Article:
Thoughts on Auckland

I can’t remember why we decided to stay in Auckland for 5 nights. It certainly is a huge change from the wide open spaces of the South island. There are over a million people who live in Auckland and at certain times of the day, all of them are running down the street in a hurry to get somewhere. Adam put it nicely when he said, “There’s nothing that I dislike about Auckland, it’s just that there’s nothing that I like about it.”

My thoughts exactly. Auckland is one of those big cities that is just like every other big city that has lost its identity, or perhaps never had one.

Maybe my feelings would be slightly different if the weather was better. Auckland has basically the same weather as London – that maddening propensity to be bright and sunny one second and pouring down rain and windy the next. It does not allow one to plan outings with any confidence.

The other thing that may have influenced us was the hostel that we stayed in. It was called “The Fat Camel” which should maybe have given us a clue. The location was inauspicious. We were right next door to “Lipstickx Massage Parlour” which was “now featuring new beautiful girls.” The facilities themselves weren’t so bad, but the room was a disaster. It was about ten by ten feet and had no windows. It felt more like a jail cell than the actual jail cell that we stayed in when we were in Christchurch (the former jail that was converted into a hostel, you remember). Beyond that, the elevator that went up and down at all hours made a horrible screeching sound somewhat like a cross between a Wookiee and a dying giraffe. The bedcoverings, well, it’s best that we don’t go into that. Suffice it to say, they were what my old roommate Anna would have called “nasters.”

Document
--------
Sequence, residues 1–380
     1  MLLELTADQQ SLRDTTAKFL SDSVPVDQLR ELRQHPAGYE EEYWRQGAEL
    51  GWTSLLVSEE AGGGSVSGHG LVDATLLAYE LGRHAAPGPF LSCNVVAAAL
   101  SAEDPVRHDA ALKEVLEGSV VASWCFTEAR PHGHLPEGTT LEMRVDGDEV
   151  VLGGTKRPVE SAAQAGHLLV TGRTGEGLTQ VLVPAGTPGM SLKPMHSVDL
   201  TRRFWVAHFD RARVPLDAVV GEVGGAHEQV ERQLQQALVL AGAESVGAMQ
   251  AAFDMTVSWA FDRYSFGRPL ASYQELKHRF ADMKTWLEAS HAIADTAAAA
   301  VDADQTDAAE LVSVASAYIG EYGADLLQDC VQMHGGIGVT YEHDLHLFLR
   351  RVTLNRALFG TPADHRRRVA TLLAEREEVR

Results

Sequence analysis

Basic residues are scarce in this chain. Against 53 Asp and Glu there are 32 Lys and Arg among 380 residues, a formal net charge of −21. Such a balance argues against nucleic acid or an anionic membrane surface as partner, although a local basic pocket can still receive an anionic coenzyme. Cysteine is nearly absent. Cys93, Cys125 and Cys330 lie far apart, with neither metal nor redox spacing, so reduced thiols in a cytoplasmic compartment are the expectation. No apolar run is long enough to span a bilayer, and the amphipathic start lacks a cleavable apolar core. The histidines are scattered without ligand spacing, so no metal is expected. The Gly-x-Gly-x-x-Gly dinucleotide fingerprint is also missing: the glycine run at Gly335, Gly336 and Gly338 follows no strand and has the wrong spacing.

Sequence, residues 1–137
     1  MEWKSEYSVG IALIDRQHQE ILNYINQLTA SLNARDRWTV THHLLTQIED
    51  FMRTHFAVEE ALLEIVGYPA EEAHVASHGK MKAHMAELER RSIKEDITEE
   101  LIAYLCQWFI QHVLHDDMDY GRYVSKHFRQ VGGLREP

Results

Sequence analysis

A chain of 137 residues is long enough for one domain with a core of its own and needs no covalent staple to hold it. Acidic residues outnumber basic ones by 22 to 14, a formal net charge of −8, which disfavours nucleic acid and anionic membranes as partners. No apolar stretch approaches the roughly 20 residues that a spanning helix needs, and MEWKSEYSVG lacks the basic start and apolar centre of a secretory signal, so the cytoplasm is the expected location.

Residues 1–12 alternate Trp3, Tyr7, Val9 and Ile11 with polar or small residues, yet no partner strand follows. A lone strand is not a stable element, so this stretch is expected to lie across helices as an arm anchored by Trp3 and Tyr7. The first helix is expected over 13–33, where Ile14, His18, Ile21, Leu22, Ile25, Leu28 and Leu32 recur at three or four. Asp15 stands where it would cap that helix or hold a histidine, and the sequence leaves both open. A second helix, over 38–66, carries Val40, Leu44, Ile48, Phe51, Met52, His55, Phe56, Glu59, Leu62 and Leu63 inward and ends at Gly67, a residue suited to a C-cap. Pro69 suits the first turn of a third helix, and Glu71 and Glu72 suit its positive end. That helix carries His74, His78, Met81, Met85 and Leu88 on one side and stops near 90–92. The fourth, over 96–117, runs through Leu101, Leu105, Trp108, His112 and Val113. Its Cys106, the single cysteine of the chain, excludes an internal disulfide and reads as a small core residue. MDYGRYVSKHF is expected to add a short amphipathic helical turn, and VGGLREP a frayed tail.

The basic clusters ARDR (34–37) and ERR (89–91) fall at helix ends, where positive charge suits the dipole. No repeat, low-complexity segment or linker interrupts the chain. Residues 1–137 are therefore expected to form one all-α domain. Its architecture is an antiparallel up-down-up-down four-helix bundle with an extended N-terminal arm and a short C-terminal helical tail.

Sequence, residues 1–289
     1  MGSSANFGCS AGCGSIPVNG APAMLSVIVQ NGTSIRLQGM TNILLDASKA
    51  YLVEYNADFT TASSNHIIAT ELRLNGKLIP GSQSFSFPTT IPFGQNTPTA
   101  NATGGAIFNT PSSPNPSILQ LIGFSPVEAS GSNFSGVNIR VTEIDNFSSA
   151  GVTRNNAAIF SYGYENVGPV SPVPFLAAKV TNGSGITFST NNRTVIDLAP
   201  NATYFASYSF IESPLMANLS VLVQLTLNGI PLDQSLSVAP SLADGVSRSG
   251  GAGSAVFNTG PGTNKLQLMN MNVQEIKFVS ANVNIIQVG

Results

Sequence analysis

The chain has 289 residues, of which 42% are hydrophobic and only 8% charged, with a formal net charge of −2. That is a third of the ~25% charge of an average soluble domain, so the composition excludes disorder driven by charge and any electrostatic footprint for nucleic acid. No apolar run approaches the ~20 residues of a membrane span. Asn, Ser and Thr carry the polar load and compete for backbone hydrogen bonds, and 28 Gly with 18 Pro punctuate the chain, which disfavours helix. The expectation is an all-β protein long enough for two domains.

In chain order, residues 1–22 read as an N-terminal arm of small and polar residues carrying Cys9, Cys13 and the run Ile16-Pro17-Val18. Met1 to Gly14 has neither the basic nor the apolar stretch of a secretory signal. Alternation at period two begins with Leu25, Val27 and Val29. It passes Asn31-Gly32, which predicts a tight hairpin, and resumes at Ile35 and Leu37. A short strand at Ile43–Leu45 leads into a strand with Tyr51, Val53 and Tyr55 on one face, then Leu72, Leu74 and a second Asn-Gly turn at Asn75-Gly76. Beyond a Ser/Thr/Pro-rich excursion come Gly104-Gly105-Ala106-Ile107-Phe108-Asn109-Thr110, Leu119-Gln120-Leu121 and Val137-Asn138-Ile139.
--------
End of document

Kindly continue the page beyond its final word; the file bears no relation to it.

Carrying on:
There have been two places of note. We went to the Auckland museum the other day. It has a little bit of everything: ancient artifacts, decorative arts, natural history, etc. It was definitely worth seeing, if not a little puzzling. First, the museum was billed as being free, but a $5 per adult donation is suggested. I think that the key word is “suggested.” There are people posted at every entrance waiting to extract money from you for a “ticket” and trained to look at you like you are an asshole of magnificent proportions if you do not choose to “donate.” The reason that we did not choose to “donate” is that we are on a BUDGET and were looking for free things to do.

Side note: A hundred dollars a day sounds like a lot. But when you factor in your accommodation and food, there really isn’t a lot left over. What is really depressing as we scour the streets looking for cheap happy hour deals and fast food, is that either of us in one night could easily run up a bar tab that far exceeds our budget for the entire day. I can’t believe how much money I spend when I know that I have more coming.